Tai Hang Fire Dragon Dance at Chinese Mid-Autumn Festival
Tai Hang Fire Dragon Dance (Photo by yiu yiu)

It is said that a few days before the Mid-Autumn Festival in 1880, a typhoon hit the Tai Hang Village (大坑村) and then a python entered the Hakka village and ate their livestock. The next morning, the python disappeared, but a plague came afterwards and killed a few people. A soothsayer said the python was the son of the Sea Dragon King (海龍王) and it came for revenge. And the only way to stop the disaster was to stage a fire dance for three days and nights during the upcoming Full Moon to scare the Sea Dragon King away.

Therefore, Tai Hang villagers built a huge 67-metre dragon of straw and covered it with 72,000 lighting incense sticks. There are also more than 300 drummers and firecrackers dancing with the dragon for three days and nights, and then the chaos was gone.

Nowadays, Tai Hang villagers no longer do fishing for a living, but Fire Dragon Dance becomes a ritual for them as well as Hong Kong citizens to cerebrate Chinese Mid-Autumn Festival. Fire Dragon Dance is also listed as one of the National Intangible Cultural Heritages.

To get to Tai Hang Village, get off at Tin Hau MTR Station Exit A1, cross King’s Road and turn right. Walk straight to the junction of Causeway Road and Tung Lo Wan Road on the left to enter Tung Lo Wan Road which leads to the Tai Hang area where the Fire Dragon Dance area is. For the exact date and time of the dance, please check the official site of Tai Hang Fire Dragon.

You may be also interested in the Bun Scrambling Competition during Cheung Chau Bun Festival at Cheung Chau Island. Check it out.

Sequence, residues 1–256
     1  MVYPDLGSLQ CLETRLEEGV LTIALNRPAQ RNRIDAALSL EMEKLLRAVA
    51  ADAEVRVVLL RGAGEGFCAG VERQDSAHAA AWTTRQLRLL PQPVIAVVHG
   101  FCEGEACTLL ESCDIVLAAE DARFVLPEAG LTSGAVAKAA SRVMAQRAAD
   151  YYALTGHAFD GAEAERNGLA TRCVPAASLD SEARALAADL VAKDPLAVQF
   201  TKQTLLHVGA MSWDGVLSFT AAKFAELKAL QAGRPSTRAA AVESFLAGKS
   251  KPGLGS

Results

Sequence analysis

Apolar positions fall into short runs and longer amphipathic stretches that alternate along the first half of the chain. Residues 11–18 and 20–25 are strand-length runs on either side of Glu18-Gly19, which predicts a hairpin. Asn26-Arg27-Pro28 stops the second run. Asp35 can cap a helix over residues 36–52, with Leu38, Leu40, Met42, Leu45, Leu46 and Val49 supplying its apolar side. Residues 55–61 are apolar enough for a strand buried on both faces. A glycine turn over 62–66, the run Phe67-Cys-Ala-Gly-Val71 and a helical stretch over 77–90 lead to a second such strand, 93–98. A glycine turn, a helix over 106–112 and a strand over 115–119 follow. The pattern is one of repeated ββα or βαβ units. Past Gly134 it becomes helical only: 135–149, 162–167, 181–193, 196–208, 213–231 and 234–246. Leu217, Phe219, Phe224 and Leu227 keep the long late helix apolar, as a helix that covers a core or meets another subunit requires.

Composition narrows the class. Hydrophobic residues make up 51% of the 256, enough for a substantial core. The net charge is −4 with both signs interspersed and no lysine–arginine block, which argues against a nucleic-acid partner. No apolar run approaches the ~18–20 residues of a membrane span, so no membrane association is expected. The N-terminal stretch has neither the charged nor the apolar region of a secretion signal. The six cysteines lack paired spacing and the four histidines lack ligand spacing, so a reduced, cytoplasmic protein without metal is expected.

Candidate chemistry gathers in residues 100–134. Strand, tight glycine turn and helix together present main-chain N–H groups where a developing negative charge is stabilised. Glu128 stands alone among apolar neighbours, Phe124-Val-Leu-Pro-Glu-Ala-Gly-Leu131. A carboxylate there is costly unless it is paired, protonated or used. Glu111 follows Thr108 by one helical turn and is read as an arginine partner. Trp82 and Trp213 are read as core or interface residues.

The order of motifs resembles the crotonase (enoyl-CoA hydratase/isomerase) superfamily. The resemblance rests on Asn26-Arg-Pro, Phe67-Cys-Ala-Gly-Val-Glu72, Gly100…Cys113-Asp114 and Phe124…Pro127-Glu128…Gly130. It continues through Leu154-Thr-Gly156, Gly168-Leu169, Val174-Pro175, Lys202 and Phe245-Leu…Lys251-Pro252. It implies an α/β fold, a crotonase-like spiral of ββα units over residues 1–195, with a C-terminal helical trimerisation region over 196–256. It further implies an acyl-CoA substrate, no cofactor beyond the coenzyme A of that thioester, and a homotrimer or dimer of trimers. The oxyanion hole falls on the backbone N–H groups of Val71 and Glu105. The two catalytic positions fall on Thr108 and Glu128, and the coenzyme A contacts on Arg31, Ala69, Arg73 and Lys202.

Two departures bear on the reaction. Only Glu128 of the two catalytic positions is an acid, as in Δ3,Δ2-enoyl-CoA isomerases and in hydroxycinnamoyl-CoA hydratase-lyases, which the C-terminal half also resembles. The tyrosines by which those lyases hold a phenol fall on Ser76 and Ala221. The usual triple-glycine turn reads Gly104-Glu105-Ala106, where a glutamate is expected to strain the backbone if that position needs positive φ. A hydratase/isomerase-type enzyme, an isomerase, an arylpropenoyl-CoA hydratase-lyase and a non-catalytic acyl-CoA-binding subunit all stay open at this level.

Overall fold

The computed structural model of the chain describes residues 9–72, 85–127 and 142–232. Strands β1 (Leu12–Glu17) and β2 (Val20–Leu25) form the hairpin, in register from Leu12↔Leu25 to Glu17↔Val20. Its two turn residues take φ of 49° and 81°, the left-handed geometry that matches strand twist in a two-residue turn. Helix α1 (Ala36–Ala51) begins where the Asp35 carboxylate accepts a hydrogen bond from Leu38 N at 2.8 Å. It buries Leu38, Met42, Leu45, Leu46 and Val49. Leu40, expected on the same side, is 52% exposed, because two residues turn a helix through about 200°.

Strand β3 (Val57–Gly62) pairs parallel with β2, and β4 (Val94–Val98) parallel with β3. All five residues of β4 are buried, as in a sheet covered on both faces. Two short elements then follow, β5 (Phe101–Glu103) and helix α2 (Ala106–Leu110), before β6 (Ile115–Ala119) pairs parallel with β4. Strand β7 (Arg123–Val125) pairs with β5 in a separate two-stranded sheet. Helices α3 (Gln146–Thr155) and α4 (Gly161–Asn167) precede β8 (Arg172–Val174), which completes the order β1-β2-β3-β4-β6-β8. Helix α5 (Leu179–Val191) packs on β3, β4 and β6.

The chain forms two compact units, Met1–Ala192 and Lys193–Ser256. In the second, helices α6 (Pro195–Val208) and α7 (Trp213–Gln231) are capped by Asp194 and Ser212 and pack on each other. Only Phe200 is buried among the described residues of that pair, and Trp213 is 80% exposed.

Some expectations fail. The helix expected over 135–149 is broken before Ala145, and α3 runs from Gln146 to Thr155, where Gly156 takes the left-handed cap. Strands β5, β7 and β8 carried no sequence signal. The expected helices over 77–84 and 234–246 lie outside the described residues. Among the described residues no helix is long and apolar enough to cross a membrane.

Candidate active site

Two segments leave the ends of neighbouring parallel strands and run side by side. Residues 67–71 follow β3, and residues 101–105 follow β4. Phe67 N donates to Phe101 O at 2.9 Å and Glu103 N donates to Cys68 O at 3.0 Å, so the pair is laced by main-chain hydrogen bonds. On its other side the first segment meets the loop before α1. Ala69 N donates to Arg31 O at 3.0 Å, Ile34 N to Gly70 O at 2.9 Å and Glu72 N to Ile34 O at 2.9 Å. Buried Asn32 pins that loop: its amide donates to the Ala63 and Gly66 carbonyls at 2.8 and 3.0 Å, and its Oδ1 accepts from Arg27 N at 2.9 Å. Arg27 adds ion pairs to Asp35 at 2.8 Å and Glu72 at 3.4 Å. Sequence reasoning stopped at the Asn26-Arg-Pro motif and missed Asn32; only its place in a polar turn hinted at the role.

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In 2003, I moved to Hong Kong with a dream of traveling around the world. Later I found out, HK is an amazing "mini world". Other than skyscrapers, a few steps outside the modern city, it has steep hills, winding coastlines, outlying islands, millions of years volcanic rocks, remote beaches, unspoilt fishing villages, secret waterfalls, wild animals and ancient forests. Follow me now to explore the Hong Kong less traveled.

1 COMMENT

  1. Dear Chensong,

    I was looking for information on Cape d’Aguilar and stumbled upon your site. The photos completely blew me away and I really enjoyed your reading about your thoughts on HK, and then on your blog (Road Less Traveled).

    It’s funny how close we seem on reading – we live in the same district, and studied in the same places! I shared many of your views on the city and thoughts on life. It’s always surprising when that happens, when you explore someone’s thoughts, and find something familiar, yet something new.

    Looking forward to seeing more of your thoughts.

    Kirsty

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